Ongoing research suggests the potential safety and efficacy of psilocybin for several psychiatric disorders. If Phase III research shows safety and efficacy for one of these disorders, this will prompt the potential movement of psilocybin away from its current placement in Schedule I, which is the most restrictive classification and allows for no medical use. This talk will review the 8 factors that inform scheduling decisions under the US Controlled Substances Act (CSA). The talk will review empirical research on psilocybin relevant to each of these 8 factors. This review generally concludes that psilocybin has limited abuse liability. While its use sometimes results in identified harms, the prevalence of harms is considerably lower than for many other scheduled and legal substances of abuse. Moreover, evidence suggests use rates are typically low, and that psilocybin lacks a classic addiction profile. The data suggests that if psilocybin is approved for medical use based on Phase III research, its appropriate placement would be in Schedule IV of the CSA. However, additional safeguards should be provided by the FDA’s framework of Risk Evaluation and Mitigation Strategies (REMS), including the need to use under professional supervision rather than take-home use. Importantly, these recommendations are relevant to medical development of psilocybin under the current CSA framework, notwithstanding the empirically demonstrated civil rights problems and public health harms associated with a criminal system approach to addressing drug harms.

Kufikiri Imara – Decriminalization in Oakland: A One Year Retrospective on Outreach, Education, & Access

This presentation will speak to the experiences of a local, grassroots collective in Oakland that managed to pass the June 4th 2019 resolution to decriminalize access to working with entheogenic plants and is influencing the course of drug decriminalization efforts in different cities across the country. The benefits that decriminalization offers of a shorter, cheaper, and more accessible path to working with entheogenic plants will be highlighted in his presentation. Next, he will provide a snapshot of the current status, ongoing progress, and challenges in Oakland following the city council’s unanimous vote of approval. A few of the central topics to the movement will be presented, such as: What are the impacts of the resolution language? What are the intentions and specific actions emerging from Oakland City Council and the Decriminalize Nature Oakland group? What is the mandate of Decriminalize Nature Oakland’s “Outreach, Education and Access” committee? What are some specific recent and next actions coming from Oakland in this area? What challenges have emerged and how are they being addressed? How can you get involved? This will be a great opportunity to learn from Decriminalize Nature Oakland’s experience at the heart of this transformative decriminalization and educational movement.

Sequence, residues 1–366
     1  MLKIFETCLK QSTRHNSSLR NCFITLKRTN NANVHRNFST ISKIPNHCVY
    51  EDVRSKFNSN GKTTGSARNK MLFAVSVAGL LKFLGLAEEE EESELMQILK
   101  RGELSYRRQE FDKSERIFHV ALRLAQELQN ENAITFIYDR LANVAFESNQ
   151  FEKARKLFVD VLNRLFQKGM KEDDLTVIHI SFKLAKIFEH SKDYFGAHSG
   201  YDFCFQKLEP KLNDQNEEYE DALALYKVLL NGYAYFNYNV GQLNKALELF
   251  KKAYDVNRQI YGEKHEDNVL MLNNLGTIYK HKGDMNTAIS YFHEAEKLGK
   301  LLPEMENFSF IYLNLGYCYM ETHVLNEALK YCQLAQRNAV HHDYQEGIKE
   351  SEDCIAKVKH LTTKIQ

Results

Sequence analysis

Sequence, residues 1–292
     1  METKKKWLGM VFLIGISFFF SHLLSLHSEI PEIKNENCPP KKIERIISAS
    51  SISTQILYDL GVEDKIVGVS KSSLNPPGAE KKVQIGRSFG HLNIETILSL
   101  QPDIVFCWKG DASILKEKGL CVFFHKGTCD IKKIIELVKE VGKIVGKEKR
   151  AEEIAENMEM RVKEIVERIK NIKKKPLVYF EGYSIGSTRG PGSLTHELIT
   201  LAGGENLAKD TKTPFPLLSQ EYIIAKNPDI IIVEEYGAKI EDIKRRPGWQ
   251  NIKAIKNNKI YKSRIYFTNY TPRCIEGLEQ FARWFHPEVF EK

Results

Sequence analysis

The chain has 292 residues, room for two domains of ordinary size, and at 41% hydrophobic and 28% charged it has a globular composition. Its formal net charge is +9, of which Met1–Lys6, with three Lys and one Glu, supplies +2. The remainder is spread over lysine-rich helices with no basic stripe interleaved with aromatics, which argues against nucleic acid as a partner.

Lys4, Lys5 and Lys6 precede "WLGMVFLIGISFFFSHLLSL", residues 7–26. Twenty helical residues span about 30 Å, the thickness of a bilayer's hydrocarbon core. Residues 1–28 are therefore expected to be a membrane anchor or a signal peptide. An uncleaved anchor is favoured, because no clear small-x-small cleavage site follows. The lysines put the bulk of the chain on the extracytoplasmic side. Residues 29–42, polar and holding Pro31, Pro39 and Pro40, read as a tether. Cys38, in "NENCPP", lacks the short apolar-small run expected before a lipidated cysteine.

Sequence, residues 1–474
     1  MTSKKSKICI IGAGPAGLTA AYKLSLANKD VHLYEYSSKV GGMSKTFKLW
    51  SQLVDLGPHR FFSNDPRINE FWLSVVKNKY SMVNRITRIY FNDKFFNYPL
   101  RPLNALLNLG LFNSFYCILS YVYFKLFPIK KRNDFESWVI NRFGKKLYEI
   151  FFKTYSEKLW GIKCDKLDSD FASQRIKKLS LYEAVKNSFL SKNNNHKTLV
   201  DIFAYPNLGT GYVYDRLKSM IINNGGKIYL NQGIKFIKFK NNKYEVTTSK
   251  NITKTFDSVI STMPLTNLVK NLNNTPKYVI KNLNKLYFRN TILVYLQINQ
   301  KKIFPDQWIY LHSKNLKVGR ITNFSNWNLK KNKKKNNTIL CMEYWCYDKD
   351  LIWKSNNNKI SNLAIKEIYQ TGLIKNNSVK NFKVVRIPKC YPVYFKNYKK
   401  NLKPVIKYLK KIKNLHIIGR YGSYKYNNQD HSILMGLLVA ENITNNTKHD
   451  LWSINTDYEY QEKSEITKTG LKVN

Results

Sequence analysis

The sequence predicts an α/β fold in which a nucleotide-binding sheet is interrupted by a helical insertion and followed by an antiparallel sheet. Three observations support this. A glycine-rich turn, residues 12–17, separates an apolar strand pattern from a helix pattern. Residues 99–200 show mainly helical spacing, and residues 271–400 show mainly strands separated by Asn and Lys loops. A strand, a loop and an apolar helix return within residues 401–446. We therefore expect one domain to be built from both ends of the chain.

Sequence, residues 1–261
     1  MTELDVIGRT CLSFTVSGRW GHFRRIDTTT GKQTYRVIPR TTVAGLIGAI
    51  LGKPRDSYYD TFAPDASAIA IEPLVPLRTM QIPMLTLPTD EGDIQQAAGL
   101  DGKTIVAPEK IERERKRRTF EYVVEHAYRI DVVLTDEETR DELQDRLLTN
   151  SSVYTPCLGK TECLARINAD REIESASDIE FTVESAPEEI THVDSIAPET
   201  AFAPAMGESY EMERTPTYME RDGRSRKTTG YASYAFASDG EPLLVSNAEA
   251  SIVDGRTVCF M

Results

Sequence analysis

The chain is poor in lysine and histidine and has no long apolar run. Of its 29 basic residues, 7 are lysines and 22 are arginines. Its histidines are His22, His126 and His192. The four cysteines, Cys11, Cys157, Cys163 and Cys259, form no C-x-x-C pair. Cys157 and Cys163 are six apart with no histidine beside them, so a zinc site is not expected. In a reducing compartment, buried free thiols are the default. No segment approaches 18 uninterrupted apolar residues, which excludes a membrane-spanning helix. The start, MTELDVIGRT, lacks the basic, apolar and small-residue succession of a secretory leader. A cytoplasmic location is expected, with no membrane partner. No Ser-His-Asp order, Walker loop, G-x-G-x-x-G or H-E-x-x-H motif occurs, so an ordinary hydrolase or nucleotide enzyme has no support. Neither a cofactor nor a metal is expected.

Break out sessions

Session 1, facilitated by Ariel Clark and Dale Gieringer: What lessons can psychedelic advocates learn from cannabis regulations and industry?

Session 2, facilitated by Bob Otis Stanley, Dawn D. Davis, Diana Negrín and Anya Ermakova: How can we ensure safe, ethical, inclusive and sustainable sourcing for psychedelic plants and materials?  

Session 3, facilitated by Nicolle Greenheart, Sonya Faber and Monnica Williams: How can we strengthen the role of people of color in psychedelic advocacy?

Session 4, facilitated by Ben Meeus and TBA: How can we advance advocacy for plant medicines in the UN?

Session 5, facilitated by Robert Heffernan and J. Hamilton Hudson: Should groups petition the DEA for a Religious Exemption for Psychedelics?

Initial Speakers Line up:

Brad Bartlett is an attorney in Denver, Colorado where serves as senior counsel and director of the Tribal Cannabis Law Group at one of the largest cannabis law firms in the nation. Brad works with tribal nations across the U.S. and Canada on development of tribally owned enterprises related to Cannabis sativa L. Brad previously served as an assistant professor at the University of Denver Sturm School of Law in the Environmental and Natural Resources Law Program. Over his extensive career, Brad has worked with impacted tribal communities, including Native American Church members, on a wide variety of complex tribal and environmental justice matters. Brad is also a seasoned litigator and has brought numerous cases in the public interest addressing government accountability and overreach. Brad graduated the University of Colorado School of Law’s environmental and American Indian Law program in 1998 and is an enrolled tribal member of the Sault Ste. Marie Band of Chippewa Indians of Michigan. Brad is a member of Chacruna’s Council for the Protection of Sacred Plants, where he hopes to advance the dialogue around Controlled Substances Act prohibitions on psychoactive plants and its intersection with state’s rights and religious and medical freedoms.